Introduction: Mudbench (Step 3 of 4)

This is the 3rd of 4 articles that I'm going to be posting on how to build your own mudbench.  Hopefully it is clear enough.  For each of the four posts I'll put up a PDF with the prints.  Please forgive there sparseness, I'm not going to bother GD&T them.  

Here's the breakdown
-  Bench Seat
-  Bench Body
-  Vertical Edge forms
-  Locker Body

I built this cabinet as a gift for my wife for Christmas.  Our hall closet is bursting with stuff for the kids (puzzles, art supplies, etc) and all of their outer gear.  We put wicker baskets in the top and bottom for shoe and coat storage respectively.

This 'ible will only focus on the vertical components of the upper portion.  This was a particular challenging component for me to build.  I did a bunch of searches, but wasn't satisfied with what I found.  At the end you should be able to router your own swoop forms or other natural shapes easily.  

Step 1: Cutting the Lumber

Necessary Supplies
  • 5 x 12"x8"x3/4"
  • Router
  • Top bearing mounted trim bit
  • Table saw
  • Miter saw
  • Jig saw
  • Wood Glue
  • Lots of wood clamps, c-vice grips, etc.
  • A finish nailer is helpful but not necssary
  1. 1.  Much like my previous posts, your degree of success is determined by the quality of lumber you purchase.  This instructible will just go over the vertical components of the mud bench.  You will need 5 pieces of lumber, 2x 67", and 3x 52.5" long.  I used a width of 11-3/4", however a 12" x 8' will be only 11-1/2" wide.  I used the biscuit joiner that I was outlined in the previous tutorial to increase the width of the outer two boards (originally 10" x 8').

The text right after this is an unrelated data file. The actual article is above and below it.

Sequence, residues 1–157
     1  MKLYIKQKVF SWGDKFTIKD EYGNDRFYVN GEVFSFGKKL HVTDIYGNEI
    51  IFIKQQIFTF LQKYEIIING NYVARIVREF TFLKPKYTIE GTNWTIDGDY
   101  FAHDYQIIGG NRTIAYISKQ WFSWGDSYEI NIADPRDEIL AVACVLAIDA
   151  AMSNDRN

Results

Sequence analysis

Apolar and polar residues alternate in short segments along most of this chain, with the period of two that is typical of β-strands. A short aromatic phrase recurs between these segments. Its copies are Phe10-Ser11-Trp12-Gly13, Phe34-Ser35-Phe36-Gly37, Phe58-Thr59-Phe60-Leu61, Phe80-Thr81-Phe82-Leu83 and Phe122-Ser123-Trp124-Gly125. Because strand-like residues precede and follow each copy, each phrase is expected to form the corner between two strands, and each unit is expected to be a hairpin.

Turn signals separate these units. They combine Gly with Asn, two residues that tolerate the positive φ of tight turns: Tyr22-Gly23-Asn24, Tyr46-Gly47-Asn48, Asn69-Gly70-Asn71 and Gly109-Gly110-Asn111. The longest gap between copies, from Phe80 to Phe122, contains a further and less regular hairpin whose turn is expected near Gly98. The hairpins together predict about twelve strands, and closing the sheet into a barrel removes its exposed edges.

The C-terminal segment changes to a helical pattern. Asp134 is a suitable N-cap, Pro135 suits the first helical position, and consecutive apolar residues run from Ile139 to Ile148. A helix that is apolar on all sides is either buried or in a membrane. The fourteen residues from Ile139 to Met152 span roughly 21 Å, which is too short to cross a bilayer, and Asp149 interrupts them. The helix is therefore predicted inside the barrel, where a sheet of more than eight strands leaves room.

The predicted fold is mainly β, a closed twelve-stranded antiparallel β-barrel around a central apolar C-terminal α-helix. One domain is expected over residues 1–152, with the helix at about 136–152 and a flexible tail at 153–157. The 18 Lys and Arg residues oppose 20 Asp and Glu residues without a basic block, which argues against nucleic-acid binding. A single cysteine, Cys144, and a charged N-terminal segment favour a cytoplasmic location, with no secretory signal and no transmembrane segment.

2. Additionally, you will need a 8' 2" x 4".  Try to grab a stud that doesn't have very many knots and that is straight.
  3. Cut the 5 boards to length, 67" and 52.5".

Step 2: Building the Pattern

What we are going to build is a bow form.  I actually learned how to do this when I was hanging sheet rock in my construction days.  I couldn't find anything similar for routering templates in my limited searching.  The original concept came from when you are hanging sheet rock in arcs above doors between rooms.  
  1. Set your table saw for about 1/8"
  2. Cut your 2" x 4" down the long direction, removing the 1/8" slat
  3. Repeat until your 2" x 4" is reduced to saw dust and a bunch of long thin strips.  The image shows a fairly narrow piece of assembled lumber.  In retrospect it would have been easier to make it wider like I'm attempting to lay out here.
  4. Mark out the general shape you want to your form to be on a disposable piece of lumber or table.  I used the back of the first curved vertical in my locker, the side that ultimately will be against the wall and won't be showing.
  5. Using your finish nailer, nail some scrap wood along the straight lines portion of your pattern in the weed region
  6. Place a line of wood glue down each slat.  You don't want any glue to squeeze out along the underside, so be moderate in your application.
  7. Lay your first strip along the pattern you traced on your board, following the contours.  As you pull them flat against your rests the natural curvature will start to show.